Emmys 2020: Record Number of Submissions Increase Nominations in Key Categories

Emmys, Emmy Statue
Chelsea Lauren/Variety/REX/Shutterstock

Even with 71 years of history behind them, the Primetime Emmy Awards managed to find a way to still have a first: The first time the number of nominees in key categories wouldn’t be known until the nominations-round ballots were released.

This year, due to the steady rise of the number of submissions in certain categories, the Television Academy announced that the number of drama and series nominees would be expanded to allow for eight, while others would be determined by the total number of submissions in the category. For those with 1-19 submissions, there would be a “sliding scale” of zero to four nominees, while 20-80 submissions would result in five nominees, 81-160 submissions would net six nominees, 161-240 would create seven nominees and more than 240 would allow for eight nominees.

Drama series punched in at 197 submissions, while comedy series had 111. With incumbent winners “Game of Thrones” and “Fleabag” no longer in the running, there is no shortage of series from which to choose in either major genre category. Drama is on a steady incline, up from 165 submissions last year, while comedy is only up marginally, having seen 108 submitted last year.

With 41 limited series submissions this year (up from last year’s 35), that category is holding firm at five eventual nominees, as is TV movie, which has 28 submissions (up from last year’s 21).

Also in the “netting five nominations” group are variety talk series (with 24 submissions), variety special – live (with 29 submissions), short form comedy or drama series (with 33 submissions), hosted nonfiction series or special (42 submissions), unstructured reality program (44 submissions), structure reality program (47 submissions), competition program (60 submissions), nonfiction or reality program (63 submissions), and short form variety series (just making the cut with 20 submissions).

Variety sketch series only has 14 submissions this year, which make it a special “sliding scale” case, but the influx of remotely-produced projects during the coronavirus pandemic has enhanced the variety special – pre-recorded category to 104 submissions, which should grant six nominees in that category.

The acting races have also seen a majority of increased submissions, cementing the number of nominees on the final-voting round ballots coming in a few weeks:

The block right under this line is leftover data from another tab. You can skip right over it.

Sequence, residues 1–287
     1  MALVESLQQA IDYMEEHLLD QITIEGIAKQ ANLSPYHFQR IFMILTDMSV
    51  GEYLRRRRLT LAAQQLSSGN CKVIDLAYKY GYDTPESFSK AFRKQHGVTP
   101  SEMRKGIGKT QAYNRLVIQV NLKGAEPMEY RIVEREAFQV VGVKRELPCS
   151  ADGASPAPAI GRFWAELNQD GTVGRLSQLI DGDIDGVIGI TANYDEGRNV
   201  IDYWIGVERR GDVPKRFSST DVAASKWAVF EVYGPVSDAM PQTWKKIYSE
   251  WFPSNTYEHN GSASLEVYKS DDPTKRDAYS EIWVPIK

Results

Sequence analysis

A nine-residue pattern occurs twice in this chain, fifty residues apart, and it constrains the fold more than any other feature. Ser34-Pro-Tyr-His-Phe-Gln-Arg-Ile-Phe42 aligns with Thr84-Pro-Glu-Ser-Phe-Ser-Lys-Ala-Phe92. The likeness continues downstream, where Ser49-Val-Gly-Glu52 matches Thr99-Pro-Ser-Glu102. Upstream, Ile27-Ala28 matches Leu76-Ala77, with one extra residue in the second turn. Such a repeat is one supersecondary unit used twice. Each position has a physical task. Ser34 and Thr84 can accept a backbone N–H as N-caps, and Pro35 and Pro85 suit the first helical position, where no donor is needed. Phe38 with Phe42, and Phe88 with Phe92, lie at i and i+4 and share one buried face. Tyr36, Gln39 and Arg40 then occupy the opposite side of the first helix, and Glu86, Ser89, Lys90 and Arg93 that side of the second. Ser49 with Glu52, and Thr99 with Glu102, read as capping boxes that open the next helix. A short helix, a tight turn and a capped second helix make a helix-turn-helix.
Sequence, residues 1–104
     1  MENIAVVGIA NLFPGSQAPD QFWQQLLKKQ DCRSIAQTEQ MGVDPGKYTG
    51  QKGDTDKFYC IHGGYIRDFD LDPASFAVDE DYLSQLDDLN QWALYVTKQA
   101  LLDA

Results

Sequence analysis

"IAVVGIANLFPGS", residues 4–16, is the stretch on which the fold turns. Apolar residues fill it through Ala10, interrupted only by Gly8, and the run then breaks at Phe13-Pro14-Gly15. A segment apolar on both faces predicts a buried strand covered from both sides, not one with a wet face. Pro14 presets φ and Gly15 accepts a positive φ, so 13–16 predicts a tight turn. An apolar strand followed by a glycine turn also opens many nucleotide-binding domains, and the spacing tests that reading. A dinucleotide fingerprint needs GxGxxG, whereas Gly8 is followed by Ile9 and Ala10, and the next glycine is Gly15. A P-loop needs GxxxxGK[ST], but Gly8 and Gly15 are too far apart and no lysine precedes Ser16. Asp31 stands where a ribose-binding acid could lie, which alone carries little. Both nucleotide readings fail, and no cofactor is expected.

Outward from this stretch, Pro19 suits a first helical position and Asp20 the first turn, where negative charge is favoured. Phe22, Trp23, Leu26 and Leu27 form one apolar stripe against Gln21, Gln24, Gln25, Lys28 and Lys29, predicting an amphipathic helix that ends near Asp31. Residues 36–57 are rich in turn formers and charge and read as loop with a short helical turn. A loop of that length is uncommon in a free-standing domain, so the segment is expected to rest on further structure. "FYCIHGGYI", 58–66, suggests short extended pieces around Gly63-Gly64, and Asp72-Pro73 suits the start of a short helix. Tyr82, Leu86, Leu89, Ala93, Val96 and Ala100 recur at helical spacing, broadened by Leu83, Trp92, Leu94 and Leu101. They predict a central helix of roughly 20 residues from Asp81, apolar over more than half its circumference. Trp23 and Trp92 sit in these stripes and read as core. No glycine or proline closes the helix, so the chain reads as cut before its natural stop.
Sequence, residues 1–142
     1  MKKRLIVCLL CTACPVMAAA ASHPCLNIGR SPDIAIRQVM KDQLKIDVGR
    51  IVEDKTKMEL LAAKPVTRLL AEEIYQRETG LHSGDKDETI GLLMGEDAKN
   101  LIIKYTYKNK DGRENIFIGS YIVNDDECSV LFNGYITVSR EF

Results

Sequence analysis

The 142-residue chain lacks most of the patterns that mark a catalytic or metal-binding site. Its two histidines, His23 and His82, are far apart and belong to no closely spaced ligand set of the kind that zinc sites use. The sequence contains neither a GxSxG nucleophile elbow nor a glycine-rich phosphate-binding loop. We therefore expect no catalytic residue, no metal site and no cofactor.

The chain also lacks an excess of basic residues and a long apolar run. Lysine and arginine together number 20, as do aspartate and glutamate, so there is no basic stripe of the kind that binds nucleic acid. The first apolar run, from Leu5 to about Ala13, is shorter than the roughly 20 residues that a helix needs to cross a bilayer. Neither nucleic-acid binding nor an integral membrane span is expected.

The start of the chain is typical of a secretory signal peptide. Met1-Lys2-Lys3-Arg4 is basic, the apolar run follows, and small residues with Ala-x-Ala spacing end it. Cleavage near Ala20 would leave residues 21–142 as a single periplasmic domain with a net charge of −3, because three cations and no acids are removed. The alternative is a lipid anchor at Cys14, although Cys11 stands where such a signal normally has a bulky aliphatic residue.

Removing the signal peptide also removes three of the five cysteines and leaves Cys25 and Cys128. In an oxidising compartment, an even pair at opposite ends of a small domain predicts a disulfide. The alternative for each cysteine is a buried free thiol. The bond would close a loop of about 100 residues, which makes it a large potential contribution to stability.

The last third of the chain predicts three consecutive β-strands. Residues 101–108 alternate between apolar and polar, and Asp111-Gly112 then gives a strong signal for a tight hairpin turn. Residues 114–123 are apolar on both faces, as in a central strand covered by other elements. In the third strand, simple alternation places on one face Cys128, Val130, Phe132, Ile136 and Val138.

Only the lead limited series/TV movie categories fall into the “five nominees” pool, as there were 45 actor submissions (actually down one from last year) and 61 actress ones (up from 50 in 2019).

Those that fall into the “six nominees” category this year include lead comedy actress (86 submissions, up marginally from 80 last year), lead comedy actor (88 submissions, barely up from 86 year-over-year), supporting limited series/TV movie actress (121 submissions, up from 94), supporting limited series/TV movie actor (123 submissions, up from 105), lead drama actress (135 submissions, up from 88 last year) and lead drama actor (142 submissions, up from 108 last year).

Oddly, Frank Whaley was submitted into the supporting drama actor category despite his CBS All Access anthology series “Interrogation” entering into the limited series category.

The other four supporting categories will all result in eight nominees, as there were 241 supporting comedy actress submissions (up from 208), 251 supporting comedy actor submissions (up from 235), 355 supporting drama actor submissions (surprisingly down from 372) and a whopping 394 supporting drama actress submissions (up from 303).

Undoubtedly the return of ensemble series such as Hulu’s “The Handmaid’s Tale” and freshman “The L Word; Generation Q” lent themselves to the increase in supporting drama actress submissions.

Voting members of the Television Academy have until 10 p.m. on July 13 to comb through all of these names and titles and make their selections. The nominees for the 72nd Annual Primetime Emmy Awards will be announced on July 28.

Michael Schneider contributed to this report.